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Journey’s End Ranch Newsletter August 10, 2017

This will be brief because I am still in shock after losing our Mariah this week. She was our first mustang adopted in 2004, at age 11 months. She had been through a lot (see  ) – rounded up in a 12 mile helicopter chase at age 5 months, lost her mama in the roundup. Then fed an imbalanced diet with BLM, shipped to three different facilities in a few short months, before begging me to take her home at age 11 months. She ended up with damaged joints & developmental orthopedic disease, but survived and became quite the feisty little mare here. We will have another page dedicated to her soon, as she was the reason I decided to try and save some mustangs . At any rate, she went from her normal active self to being very stiff 3 weeks ago. There was no apparent injury, her feet & legs appeared to be fine, her muscles hurt all over. Hoping she may just have taken a fall, we started her on an anti-inflammatory drug which did not do much to help. A week ago, all the mustangs took off running, as they often do. Instead of being in the lead, she was lagging behind in a limping trot. They all calmed down and I went to give them hay. She then “tied up” and was unable to walk & was in a lot of pain. The next day, she was hobbling about with very stiff muscles. She had the signs of “exertional myopathy” which can have a myriad of causes.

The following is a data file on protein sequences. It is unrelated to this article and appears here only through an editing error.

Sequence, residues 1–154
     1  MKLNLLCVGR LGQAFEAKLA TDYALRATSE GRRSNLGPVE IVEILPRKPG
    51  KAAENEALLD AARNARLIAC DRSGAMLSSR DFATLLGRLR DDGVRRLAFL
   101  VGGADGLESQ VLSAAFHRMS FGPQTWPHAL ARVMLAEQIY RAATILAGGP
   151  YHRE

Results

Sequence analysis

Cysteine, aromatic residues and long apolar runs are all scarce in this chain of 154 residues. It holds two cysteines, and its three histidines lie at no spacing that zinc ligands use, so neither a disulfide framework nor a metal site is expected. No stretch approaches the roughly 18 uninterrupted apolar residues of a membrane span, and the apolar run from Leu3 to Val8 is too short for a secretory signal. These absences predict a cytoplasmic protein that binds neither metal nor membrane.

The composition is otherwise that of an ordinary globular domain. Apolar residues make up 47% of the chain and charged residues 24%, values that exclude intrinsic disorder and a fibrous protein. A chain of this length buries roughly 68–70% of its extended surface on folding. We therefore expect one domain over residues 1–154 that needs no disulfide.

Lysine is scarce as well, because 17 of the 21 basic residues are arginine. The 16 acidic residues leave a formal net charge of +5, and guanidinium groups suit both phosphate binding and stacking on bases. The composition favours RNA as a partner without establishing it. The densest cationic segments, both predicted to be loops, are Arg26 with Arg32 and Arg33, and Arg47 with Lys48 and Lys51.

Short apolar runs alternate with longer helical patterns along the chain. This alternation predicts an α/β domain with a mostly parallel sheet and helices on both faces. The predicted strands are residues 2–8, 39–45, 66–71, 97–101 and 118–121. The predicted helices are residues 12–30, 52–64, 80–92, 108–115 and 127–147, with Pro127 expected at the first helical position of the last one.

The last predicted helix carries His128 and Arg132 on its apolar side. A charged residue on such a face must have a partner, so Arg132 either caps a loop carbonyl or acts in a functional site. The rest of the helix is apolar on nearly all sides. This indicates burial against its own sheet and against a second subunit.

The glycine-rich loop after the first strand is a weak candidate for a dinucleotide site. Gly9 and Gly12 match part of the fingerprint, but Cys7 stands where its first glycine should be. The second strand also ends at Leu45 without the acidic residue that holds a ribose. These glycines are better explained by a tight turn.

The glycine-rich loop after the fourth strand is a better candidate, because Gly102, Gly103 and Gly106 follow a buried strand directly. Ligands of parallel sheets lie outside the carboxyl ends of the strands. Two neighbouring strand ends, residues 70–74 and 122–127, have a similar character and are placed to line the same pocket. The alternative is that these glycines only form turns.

At any rate, she did not pull out of it and separating her or confining her were not options as she was high strung, had separation anxiety and needed to remain with her family, her herd. We did separate her along with her best friend, Windy, for 3 days, but all the horses were very unhappy with that and even broke a corral panel trying to reunite. Five days after tying up, she was still miserable, in pain and hobbling. Her eyes were no longer bright, her spirit was broken. The only humane thing was to let her go peacefully. She is buried here. It is a tremendous loss, but I try to find comfort knowing she had 13 good years.